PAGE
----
“Students are humans first. The more a student feels connected to and understood by their college of university, the more likely they are to stay enrolled and engaged. The language you use to communicate about the response to COVID19 matters—it must convey care along with urgency. Consider using multiple platforms and modes to reach students. Reassuring videos from administrators, staff, and faculty would beespecially effective.” -- Check out this guide from The Hope Center (Temple University) for more guidance on supporting your students in a difficult time.


“Most of what we do in-person is by inertia, not intentionality, and it’s rarely optimal. Use all the new options and experiments from your remote time to figure out your optimal”-- check out this Twitter thread from Kris Shaffer about taking care of yourself while moving to a telecommunting/online work mode.


"Be kind to yourself and your students. Everyone is stressed, even if they're playing cool. That includes faculty. And that's okay."-- this Facebook post by Amy Young has great advice about caring for yourself and your students (and some of the other things covered on this page).

Specific Challenges and How to Think about Them

Remote teaching is probably feeling especially alienating to certain segments of our faculty. Besides those of you who are not tech fans, there are also those of you who think but online learning is really NOT a great option for my particular course. Maybe you teach a science lab. Or a printmaking course. Or your students are doing project-based learning with external partners on site in the North Country. You know what? You are probably 100% correct about what will be impossible about replicating your class online! While it’s true that plenty of studio art and lab and PBL courses are offered online, most of those are intentionally designed from their origins to be online courses. So for YOUR class, it may be a really tough challenge. A couple of thoughts: 

  1. Let go of the usual. Don’t be afraid to talk with your colleagues about moving certain things that require certain equipment and supervision to Fall courses instead. Some content may not translate and that will have to be ok. And the way you do things will obviously have to shift, so don’t be afraid to get out of the box as you try to pivot.
  2. Seize the learning moment. As students cope during a global crisis, how can your curriculum involve them in their world? Work with data or epidemiology? There are direct connections. But do you teach Social Work or Painting or Creative Writing or Criminal Justice? What are the connections between the current world and your field, and how can you offer some assignments that still feel active and applied even if they are not quite what you had originally planned for your course?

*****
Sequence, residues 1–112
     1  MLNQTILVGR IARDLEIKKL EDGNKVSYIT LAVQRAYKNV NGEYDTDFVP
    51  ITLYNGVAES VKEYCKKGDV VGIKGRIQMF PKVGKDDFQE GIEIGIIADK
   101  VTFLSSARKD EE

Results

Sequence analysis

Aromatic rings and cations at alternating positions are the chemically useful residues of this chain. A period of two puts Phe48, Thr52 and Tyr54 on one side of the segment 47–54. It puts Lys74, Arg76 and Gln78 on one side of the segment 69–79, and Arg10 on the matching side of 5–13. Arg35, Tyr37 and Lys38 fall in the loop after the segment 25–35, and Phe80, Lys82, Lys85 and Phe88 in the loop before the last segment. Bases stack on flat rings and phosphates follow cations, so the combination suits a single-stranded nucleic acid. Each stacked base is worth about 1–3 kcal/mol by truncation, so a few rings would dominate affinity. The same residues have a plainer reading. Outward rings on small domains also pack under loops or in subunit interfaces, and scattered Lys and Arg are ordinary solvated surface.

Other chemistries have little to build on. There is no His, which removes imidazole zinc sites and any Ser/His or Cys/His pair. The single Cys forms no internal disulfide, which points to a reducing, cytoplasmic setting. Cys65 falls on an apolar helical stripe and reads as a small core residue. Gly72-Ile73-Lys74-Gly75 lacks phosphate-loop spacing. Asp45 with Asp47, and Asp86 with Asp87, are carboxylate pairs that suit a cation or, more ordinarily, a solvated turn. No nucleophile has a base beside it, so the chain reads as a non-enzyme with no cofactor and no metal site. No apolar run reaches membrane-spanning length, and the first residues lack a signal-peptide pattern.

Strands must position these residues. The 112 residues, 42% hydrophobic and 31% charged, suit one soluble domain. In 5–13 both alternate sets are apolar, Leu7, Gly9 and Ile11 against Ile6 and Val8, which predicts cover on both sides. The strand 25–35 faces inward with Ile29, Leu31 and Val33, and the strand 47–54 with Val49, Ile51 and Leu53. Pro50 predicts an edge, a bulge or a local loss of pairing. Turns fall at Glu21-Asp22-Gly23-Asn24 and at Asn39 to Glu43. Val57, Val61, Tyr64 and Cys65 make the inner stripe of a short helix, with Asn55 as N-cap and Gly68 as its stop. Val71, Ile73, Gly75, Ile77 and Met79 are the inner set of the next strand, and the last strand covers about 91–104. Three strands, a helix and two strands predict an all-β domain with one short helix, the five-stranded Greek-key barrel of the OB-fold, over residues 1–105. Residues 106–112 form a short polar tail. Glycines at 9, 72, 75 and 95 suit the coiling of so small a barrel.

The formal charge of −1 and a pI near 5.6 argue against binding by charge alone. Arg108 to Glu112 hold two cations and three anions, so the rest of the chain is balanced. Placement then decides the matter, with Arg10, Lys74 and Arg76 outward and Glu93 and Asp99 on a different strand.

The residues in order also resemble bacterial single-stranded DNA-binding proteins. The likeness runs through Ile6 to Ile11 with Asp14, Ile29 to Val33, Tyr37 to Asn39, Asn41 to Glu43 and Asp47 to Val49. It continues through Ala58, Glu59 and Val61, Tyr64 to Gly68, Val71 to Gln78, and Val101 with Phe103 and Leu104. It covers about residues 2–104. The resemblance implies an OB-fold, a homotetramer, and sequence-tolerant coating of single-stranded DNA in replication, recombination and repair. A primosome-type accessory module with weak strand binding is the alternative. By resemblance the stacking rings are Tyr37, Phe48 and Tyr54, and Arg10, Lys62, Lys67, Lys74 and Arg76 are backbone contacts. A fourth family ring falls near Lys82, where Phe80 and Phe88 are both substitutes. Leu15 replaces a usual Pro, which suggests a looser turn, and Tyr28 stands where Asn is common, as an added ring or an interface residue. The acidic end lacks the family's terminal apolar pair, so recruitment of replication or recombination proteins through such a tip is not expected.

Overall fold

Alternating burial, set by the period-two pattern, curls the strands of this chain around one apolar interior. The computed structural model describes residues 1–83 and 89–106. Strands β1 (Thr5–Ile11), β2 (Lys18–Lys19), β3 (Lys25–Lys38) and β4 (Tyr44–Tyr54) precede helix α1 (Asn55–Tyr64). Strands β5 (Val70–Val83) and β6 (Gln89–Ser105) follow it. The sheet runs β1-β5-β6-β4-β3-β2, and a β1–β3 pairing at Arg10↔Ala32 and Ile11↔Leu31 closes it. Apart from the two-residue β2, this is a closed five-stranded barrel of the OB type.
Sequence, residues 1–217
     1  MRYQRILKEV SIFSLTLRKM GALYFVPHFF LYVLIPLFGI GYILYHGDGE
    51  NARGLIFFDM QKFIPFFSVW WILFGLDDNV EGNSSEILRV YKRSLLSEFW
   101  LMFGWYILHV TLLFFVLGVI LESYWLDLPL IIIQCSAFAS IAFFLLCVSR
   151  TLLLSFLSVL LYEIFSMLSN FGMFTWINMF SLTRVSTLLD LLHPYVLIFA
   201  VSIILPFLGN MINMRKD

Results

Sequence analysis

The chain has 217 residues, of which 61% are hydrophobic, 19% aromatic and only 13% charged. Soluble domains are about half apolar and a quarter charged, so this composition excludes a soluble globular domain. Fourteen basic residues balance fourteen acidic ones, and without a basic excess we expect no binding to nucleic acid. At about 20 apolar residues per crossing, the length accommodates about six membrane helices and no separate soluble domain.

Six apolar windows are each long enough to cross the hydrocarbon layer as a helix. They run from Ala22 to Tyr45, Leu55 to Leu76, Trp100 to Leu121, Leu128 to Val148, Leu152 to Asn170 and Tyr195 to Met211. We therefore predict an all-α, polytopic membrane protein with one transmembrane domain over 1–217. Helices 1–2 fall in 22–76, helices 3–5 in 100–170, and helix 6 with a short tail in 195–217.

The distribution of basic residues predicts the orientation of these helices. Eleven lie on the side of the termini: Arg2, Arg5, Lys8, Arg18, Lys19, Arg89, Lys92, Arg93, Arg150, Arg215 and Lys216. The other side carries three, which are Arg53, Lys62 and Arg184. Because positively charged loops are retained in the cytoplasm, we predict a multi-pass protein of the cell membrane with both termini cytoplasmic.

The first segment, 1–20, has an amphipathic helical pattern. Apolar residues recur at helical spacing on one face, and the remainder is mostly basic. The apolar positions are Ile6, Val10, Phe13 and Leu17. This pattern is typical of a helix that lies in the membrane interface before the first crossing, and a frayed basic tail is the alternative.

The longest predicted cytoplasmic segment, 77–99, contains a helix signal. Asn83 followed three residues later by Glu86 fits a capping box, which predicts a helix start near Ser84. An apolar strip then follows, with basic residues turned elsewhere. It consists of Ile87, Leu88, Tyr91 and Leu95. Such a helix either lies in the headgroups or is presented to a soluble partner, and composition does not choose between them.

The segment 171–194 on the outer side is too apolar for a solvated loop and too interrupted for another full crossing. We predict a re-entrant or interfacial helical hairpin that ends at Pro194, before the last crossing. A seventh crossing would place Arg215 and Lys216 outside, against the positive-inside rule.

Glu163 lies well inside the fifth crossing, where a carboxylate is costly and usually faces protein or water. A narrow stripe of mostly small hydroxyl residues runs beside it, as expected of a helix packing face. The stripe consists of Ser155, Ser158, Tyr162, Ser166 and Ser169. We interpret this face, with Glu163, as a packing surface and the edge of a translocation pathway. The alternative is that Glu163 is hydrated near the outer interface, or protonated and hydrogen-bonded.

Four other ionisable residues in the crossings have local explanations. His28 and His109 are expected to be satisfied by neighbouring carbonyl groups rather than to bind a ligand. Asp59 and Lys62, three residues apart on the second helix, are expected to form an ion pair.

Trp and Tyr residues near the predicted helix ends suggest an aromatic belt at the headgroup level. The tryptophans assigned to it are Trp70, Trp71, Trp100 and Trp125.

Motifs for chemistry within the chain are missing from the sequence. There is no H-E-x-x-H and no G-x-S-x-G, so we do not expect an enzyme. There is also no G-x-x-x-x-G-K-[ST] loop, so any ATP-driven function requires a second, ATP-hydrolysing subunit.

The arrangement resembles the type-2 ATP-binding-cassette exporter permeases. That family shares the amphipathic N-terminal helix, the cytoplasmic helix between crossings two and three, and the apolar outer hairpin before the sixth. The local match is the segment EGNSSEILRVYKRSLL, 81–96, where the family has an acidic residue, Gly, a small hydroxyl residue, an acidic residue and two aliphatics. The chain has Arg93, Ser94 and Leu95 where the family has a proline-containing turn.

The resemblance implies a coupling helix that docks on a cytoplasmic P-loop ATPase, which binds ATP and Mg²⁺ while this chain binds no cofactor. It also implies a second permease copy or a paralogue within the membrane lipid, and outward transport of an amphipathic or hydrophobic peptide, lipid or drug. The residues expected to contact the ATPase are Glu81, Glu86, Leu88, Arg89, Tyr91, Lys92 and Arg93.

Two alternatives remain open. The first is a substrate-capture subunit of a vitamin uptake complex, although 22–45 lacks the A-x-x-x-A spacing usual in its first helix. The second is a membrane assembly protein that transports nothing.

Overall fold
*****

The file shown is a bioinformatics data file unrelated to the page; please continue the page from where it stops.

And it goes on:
In online teaching & conferencing, personal connections still matter. “ —check out this Twitter thread from the University of Windsor about teaching or conferencing using online video. (includes reviews, tips, etc.)


“Lab activities require students to become familiar with certain procedures, and only physical practice of those processes will do. In such cases, consider if there are other parts of the lab experience you could take online (for example, video demonstrations of techniques, online simulations, analysis of data, other pre- or post-lab work)” —Stanford University check out this advice on dealing with lab classes 


“I'd recommend making sure everything you do is *asynchronous*. You don't know when/how/if students have broadband access. You don't know their home responsibilities (caregiving duties, etc.). Best not to assume everyone can call in/zoom/skype for a synchronous meeting.” —Kristina Killgrove, check out this Twitter thread on pivoting to teach a science class (biological anthropology) online 


Check out this crowdsourced Google Doc on teaching a pottery class online (lots of ideas for other “hands-on” classes/disciplines)


Check out LabXchange for online molecular biology labs (free account required) 


Check out Middlebury University’s resource on teaching lab classes. Some of this advice is specific to their campus, but there are links to online lab resources. 


Check out this Website from a presentation by Keegan Long-Wheeler and Chuck Pearson on online science classes at OLCInnovate 2018.


Check out this article on Mike Caulfield's approach to spotting misinformation related to COVID19. A great resource for teaching science and digital literacy.